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Among US residents age 65 and older, the rate of death from falls continues to climb steadily, having increased by 31% between 2007 and 2016, and growing at a particularly rapid rate among those aged 85 and above. The latest statistics, included in a report from the US Centers for Disease Control and Prevention (CDC), point to a need for more widespread falls screening and prevention efforts including physical therapy, authors say.

During the 10 years tracked in the study, falls-related deaths among US residents 65 and older rose from 18,334 to 29,668—in terms of rates of death from falls, that's an increase from 47 per 100,000 to 61.6 per 100,000 in that age group. Deaths climbed by about 3% per year, according to the report.

In addition to overall totals and rates, CDC researchers looked at data in terms of demographics and state-by-state variables. Among their findings:

  • In 2016, falls-related deaths per 100,000 were highest among white non-Hispanic US residents (68.7) and the all-ethnicity 85-and-older group (257.9).
  • While death rates increased for all age groups, the 85-and-older category recorded the most dramatic rise between 2007 and 2016, from 9,188 deaths in 2007 to 16,454 in 2016. The 65-to-74 age group recorded 2,594 falls-related deaths in 2007 and 4,479 in 2016; the 75-to-84 age group saw an increase from 6,552 deaths in 2007 to 8,735 in 2016.
  • Men had higher rates of falls-related deaths than did women—73.2 per 100,000 men compared with 54 per 100,000 per women. Researchers believe the gap may be attributable to "differences in the circumstances of a fall," with men tending to experience falls that lead to more serious injuries, such as those sustained in a fall from a ladder or as the result of alcohol consumption.
  • Rates for deaths from falls in the 65-and-older age group varied among states, ranging from 142.7 per 100,000 in Wisconsin to 24.4 per 100,000 in Alabama. Authors aren't sure of the reasons for the variance but suspect that the numbers might be related to demographic variables including differing proportions of older white adults in various states. Another possible explanation cited in the report was the impact of who completes the death certificate: According to the CDC researchers, a 2012 study showed that coroners reported 14% fewer deaths from falls than did medical examiners.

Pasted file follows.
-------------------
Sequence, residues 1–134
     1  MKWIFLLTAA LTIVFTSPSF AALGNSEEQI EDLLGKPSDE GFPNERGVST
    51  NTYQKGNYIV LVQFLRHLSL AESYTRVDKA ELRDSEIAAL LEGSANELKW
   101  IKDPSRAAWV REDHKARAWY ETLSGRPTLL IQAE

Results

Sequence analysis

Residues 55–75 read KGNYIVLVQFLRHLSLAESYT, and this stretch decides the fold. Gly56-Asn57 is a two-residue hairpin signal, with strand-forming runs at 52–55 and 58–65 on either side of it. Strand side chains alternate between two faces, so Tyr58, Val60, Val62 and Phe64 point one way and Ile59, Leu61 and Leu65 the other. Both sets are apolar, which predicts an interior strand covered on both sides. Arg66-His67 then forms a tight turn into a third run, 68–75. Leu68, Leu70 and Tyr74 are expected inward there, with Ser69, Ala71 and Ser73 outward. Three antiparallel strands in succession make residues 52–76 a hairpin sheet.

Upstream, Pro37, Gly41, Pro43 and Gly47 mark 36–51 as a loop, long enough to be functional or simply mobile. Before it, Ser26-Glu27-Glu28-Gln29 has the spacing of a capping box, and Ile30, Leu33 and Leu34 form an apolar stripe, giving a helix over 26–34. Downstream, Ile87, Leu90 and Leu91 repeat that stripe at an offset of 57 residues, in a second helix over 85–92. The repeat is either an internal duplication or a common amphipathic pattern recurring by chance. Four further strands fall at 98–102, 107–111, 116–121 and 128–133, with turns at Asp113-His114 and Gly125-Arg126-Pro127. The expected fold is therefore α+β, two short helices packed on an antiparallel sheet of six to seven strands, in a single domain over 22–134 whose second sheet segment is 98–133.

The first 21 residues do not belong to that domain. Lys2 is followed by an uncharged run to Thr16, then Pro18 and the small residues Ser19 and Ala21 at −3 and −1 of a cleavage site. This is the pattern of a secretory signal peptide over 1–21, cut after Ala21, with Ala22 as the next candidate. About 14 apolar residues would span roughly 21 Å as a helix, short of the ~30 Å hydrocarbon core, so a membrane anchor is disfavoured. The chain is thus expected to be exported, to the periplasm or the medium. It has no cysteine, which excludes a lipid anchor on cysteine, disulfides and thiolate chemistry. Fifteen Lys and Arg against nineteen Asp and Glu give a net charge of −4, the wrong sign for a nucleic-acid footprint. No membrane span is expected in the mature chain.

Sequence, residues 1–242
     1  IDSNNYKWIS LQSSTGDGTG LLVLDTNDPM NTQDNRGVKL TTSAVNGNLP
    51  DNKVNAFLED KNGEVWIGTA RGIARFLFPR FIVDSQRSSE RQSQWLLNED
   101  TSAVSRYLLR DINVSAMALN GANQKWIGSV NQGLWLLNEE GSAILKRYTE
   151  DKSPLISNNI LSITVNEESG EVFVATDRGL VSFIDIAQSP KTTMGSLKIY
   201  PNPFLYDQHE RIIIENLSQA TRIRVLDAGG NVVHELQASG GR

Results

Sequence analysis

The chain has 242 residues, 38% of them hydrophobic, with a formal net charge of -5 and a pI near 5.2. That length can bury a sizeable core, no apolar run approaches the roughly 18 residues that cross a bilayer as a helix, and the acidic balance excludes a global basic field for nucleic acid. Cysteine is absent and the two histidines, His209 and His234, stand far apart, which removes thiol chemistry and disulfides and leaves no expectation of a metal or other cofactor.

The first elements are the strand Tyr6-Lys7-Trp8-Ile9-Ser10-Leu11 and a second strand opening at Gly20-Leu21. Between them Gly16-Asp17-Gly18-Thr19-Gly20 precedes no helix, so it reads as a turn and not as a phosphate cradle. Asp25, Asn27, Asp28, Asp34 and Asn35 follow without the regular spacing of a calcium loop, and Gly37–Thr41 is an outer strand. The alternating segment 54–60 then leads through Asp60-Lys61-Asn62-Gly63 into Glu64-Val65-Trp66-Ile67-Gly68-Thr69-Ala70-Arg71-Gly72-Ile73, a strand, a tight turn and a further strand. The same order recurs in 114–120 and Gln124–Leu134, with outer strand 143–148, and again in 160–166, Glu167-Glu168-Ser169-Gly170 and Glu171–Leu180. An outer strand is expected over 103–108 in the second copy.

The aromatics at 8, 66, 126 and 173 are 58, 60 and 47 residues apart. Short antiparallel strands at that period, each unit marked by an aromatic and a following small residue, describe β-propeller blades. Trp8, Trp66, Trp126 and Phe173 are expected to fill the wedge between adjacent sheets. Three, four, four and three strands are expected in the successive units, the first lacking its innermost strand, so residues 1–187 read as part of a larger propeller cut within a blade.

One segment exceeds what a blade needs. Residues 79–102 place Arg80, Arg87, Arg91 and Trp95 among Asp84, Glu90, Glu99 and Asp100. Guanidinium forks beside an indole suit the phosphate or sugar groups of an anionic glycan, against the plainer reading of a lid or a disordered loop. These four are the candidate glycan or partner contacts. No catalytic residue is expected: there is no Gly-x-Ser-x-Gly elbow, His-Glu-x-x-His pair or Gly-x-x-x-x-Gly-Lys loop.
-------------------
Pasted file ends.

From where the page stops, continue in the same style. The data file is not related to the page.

Authors of the report theorize that the rates of falls-related deaths may be climbing in part because of an aging population and longer survival rates after common diseases including heart disease, cancer, and stroke. Whatever the contributing factors, it's a trend that needs to be addressed, they write: even if the rate were to stabilize, an estimated 43,000 US residents would die from falls in 2030, and if the rate were to climb as it did from 2007 to 2016, some 59,000 individuals may die from falls in 2030.

"As the US population aged [65 and older] increases, health care providers can address the rising number of deaths from falls in this age group by asking about fall occurrences, assessing gait and balance, reviewing medications, and prescribing interventions such as strength and balance exercises or physical therapy," the report states.

Better prevention efforts also may result in health care cost savings as well: an earlier report estimated that expenditures on nonfatal falls in the US reached nearly $50 billion in 2015, with medical costs associated with fatal falls coming in at an estimated $754 million.

APTA provides extensive resources on falls prevention at its Balance and Falls webpage. Offerings include consumer-focused information, online courses, and links to other sources of information, including the CDC and the National Council on Aging. The association's scientific journal, PTJ (Physical Therapy) has also published a clinical guidance statement from the APTA Academy of Geriatric Physical Therapy on management of falls in community-dwelling older adults.


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